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My Adventures with the Orient Express

From childhood on, train rides were positive experiences for me. So, you won’t be surprised that I participated in the fictitious, artistic train ride of the Orient Express, organized by members of the Studio Art Quilt Association (SAQA) Europe and Middle East.

43 artists created panels, each measuring 31” x 10” or 80cm x 25cm. By looking at all of them you see an astonishing diversity of talent, methods, materials and artistic visions of the artists in this region.

In 2022, the train stopped in April in the Netherlands, in May at Karlsruhe, Germany, in June at the BIAT in France, and it will stop August 20-21 at Grit’s Life & Friends Quiltfest in Suderburg, Germany. The schedule for 2023 is open.

(My YouTube video is based on exhibition photos of the Nadelwelt.)

1 My Personal train begins with the “Locomotive of the Dream Train”

This locomotive is like a child’s drawing emphasizing the dreams, fairytales, and poetry that accompany the Orient Express.

Translating Rainer Maria Rilke:

“The years pass … But it’s like a train:

WE pass before all and the years remain

Like landscape behind the glass panes of this journey,

Which the sun cleared or the frost veiled.

How what happens finds its position inspire:

One became meadow, one became tree, one went to help heaven …

Butterfly and flower are here, none lies: …

Transformation is not a lie.”

Techniques: The panel is painted with acrylics and oil paintstik on off-white silk, then stitched by hand and machine.

2 Germany, B-House

This panel was inspired by the house in which I was born, as to say, where the train ride of my life began.

The inscription reads: “Mit Gottes Hilfe und Vertraun haben wir dieses Haus lassen baun. Gott sei gebenedeit in alle Ewigkeit. Jürgen Ahrens und Anne-Marie Schäffersen-Sreau. Anno 1710”

Translated: “With help and trust in God have we built this house. God be praised in all eternity. - then the names and the year 1710.”

In all my Orient Express panels, I try to express the fairytale aspect of this train. Reading a haiku by the poet John Belbas inspired the dissolving rainbow drops - used with his permission:

“A rainbow dissolves slowly, falling into the chimney of red brick.”

Techniques: The panel is first sketched with Inktense pencils on off-white silk, then overpainted with acrylics, stitched by hand and machine. The lettering above the door is in ink. The French Knots of the dissolving rainbow and the horizontal trapunto of the painted wooden beams add 3D to this silk painting.

3 Italy, Rome

This panel celebrates Rome, Italy, and was inspired by a recent visit there. We stayed near the Janus Arch, looking towards the Tiber, you see big umbrella pines and some Italian cypresses.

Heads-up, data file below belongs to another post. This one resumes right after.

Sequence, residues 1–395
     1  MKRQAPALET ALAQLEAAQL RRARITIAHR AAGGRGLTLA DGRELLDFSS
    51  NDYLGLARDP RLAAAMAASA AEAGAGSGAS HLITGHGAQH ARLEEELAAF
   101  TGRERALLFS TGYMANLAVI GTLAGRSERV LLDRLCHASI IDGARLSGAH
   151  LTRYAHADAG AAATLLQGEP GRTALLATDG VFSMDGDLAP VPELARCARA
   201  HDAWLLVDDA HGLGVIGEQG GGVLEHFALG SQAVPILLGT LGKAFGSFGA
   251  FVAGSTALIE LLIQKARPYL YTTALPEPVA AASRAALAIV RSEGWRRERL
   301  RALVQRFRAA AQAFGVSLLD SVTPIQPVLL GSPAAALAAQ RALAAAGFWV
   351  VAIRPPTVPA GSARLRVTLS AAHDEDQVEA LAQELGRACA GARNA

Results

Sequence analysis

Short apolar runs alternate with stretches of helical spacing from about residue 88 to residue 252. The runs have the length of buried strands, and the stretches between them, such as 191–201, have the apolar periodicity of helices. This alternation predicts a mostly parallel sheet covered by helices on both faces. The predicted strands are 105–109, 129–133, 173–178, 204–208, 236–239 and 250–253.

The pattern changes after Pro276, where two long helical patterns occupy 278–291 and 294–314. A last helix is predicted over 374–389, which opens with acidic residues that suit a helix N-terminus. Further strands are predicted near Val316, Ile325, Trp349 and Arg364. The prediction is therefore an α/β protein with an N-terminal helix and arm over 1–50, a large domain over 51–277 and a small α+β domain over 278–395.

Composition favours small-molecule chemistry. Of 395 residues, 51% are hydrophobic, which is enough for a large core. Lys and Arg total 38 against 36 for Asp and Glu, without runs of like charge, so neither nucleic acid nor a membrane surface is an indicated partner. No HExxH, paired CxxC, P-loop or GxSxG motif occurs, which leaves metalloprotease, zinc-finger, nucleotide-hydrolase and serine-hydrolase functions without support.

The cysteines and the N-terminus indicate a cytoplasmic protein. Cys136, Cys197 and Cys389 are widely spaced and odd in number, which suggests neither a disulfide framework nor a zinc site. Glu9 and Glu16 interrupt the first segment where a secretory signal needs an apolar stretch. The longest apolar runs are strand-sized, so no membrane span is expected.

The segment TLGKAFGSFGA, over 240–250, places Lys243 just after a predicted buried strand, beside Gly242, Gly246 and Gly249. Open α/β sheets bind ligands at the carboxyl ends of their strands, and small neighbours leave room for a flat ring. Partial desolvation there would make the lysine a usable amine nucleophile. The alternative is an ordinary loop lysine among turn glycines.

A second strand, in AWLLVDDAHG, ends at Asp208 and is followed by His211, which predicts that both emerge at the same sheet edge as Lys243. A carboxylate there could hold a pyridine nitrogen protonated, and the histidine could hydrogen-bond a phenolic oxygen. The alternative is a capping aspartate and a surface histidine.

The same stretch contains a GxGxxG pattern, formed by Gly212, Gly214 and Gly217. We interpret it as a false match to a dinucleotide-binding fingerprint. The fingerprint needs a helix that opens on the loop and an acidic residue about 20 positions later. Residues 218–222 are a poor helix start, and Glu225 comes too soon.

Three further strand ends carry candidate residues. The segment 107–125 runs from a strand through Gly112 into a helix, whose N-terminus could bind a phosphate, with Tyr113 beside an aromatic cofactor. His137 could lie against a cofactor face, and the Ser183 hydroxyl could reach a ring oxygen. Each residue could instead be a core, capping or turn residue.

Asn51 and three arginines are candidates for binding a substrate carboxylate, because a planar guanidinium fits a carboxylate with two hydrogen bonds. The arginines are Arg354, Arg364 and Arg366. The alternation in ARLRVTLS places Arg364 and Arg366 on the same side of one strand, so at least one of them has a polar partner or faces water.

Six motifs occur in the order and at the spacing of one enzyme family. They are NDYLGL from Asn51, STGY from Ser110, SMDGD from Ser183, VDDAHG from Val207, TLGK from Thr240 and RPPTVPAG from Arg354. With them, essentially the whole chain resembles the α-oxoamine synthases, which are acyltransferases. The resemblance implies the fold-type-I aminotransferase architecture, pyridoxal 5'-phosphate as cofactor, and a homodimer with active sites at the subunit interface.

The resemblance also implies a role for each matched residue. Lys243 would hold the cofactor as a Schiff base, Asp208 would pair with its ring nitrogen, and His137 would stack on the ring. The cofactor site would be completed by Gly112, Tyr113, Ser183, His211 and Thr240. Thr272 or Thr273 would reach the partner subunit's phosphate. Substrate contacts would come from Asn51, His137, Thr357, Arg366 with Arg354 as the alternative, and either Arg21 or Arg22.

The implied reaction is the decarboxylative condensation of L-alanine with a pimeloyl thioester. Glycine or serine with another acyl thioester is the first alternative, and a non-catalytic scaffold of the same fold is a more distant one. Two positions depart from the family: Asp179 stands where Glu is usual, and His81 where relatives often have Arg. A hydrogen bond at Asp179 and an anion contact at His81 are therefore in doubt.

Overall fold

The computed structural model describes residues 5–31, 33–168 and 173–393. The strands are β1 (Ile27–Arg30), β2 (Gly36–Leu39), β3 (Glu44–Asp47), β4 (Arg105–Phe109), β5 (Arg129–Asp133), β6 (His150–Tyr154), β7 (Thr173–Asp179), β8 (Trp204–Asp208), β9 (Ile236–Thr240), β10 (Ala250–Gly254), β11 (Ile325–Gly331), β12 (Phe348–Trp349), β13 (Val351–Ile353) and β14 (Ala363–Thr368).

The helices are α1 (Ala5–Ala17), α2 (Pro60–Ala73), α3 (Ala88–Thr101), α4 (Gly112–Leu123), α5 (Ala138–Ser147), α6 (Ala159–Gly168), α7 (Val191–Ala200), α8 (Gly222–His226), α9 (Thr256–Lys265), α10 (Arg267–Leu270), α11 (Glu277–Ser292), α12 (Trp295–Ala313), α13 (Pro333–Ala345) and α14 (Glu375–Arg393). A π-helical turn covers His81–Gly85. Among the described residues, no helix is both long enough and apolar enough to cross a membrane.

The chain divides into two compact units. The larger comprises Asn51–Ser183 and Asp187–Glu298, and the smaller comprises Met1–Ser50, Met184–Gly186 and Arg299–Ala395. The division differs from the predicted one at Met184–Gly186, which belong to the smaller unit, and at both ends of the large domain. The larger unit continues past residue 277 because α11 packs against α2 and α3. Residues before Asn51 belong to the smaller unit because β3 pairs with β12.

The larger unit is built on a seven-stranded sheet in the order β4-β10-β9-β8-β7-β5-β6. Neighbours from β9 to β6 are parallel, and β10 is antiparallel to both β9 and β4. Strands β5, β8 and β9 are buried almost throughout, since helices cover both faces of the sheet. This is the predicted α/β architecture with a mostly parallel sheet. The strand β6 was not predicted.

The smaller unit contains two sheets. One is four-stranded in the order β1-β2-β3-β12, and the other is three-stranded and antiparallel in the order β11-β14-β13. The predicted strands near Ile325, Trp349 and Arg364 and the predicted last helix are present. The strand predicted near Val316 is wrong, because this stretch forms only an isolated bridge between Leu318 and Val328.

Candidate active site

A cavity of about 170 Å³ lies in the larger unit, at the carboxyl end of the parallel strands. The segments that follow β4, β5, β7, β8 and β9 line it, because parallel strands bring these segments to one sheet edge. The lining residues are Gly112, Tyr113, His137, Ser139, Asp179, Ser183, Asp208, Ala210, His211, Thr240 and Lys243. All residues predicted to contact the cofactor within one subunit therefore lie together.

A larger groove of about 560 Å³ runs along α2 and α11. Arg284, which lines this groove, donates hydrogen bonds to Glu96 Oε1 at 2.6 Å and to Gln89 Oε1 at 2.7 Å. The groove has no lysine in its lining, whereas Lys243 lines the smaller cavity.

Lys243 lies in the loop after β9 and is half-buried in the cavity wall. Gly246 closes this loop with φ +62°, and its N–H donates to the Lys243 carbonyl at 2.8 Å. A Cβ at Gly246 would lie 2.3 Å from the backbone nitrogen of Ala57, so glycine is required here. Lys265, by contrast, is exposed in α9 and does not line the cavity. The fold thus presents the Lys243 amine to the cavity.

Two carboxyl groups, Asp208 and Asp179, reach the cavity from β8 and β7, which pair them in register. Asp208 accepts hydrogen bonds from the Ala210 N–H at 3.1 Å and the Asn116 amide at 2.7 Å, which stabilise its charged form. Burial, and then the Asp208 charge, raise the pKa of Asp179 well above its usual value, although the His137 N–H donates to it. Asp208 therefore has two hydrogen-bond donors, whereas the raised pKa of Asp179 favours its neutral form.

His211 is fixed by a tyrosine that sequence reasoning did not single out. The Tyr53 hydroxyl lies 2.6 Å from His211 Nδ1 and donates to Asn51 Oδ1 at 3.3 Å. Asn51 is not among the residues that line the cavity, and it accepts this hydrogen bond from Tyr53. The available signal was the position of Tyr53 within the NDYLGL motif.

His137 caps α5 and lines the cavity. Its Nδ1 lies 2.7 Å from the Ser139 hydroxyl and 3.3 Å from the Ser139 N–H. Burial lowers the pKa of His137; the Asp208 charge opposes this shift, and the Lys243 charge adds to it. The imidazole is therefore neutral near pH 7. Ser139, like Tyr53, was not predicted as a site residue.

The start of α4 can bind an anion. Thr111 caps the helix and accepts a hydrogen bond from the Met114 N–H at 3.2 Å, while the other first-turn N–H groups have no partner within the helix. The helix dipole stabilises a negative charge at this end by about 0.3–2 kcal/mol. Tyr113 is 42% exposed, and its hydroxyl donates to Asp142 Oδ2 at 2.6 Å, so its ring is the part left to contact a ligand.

Techniques: As with others in this series, the image is an original design, directly painted with acrylics on off-white silk, then stitched by hand and machine.

4 Re-use NO Trash

“Re-use NO Trash” pays homage to all those who do it: who reuse, who don’t simply throw textiles or leftover fiber into the trash. I’d like to celebrate them with this joyful piece that includes chocolate wrappers.

While I stitch, I don’t throw short pieces of yarn away. Normally, I temporarily leave them just pulled through until I’m completely done. In this case, as a reminder to celebrate RE-USE, I left them at the bottom.

Another aspect of caring for our environment is that trains are much more environmentally friendly than most cars (as per internet research).

This blog has a post from Jan 3, 2022 “Creating a Panel for the Orient Express” which describes in detail how the panel was created.

5 Turkey, Iznik Tiles

The Iznik ceramic industry was established in the 14th century in today’s Turkey. Important color innovations were sage green (1530) and red (1550) that lead to novel polychrome floral decorations. The Iznik tiles decorate mosques and palaces which you can visit in Istanbul. One of my favorites is the Rustem Pasha mosque, built before 1561.

While visiting it on our honeymoon, I sketched many details which are combined here in my own design. This textile painting “Iznik Tiles” pays homage to artists 500 years ago from a different culture than my own.

Techniques: The panel is drawn with acid-free pigment ink pens on off-white silk. The machine-stitching creates the impassion of tiles, while the hand-stitching creates more texture and highlights.

Thanks for reading this post.

Some last notes:

Maryte Collard created the catalog for this exhibition, together with Elizabeth and Stuart Byrom. It can be purchased from Blurb.

If you want to be a Studio Insider, please use this link to sign up or the Sign-in button on the top of my webpage, right under my phone number.



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